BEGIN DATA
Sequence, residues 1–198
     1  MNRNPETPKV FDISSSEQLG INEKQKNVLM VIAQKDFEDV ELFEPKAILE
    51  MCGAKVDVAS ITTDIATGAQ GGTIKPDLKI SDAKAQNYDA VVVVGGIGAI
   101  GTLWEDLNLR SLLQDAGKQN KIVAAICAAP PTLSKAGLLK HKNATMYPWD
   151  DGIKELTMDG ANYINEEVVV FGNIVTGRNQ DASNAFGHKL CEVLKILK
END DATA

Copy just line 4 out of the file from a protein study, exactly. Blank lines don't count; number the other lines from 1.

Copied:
   101  GTLWEDLNLR SLLQDAGKQN KIVAAICAAP PTLSKAGLLK HKNATMYPWD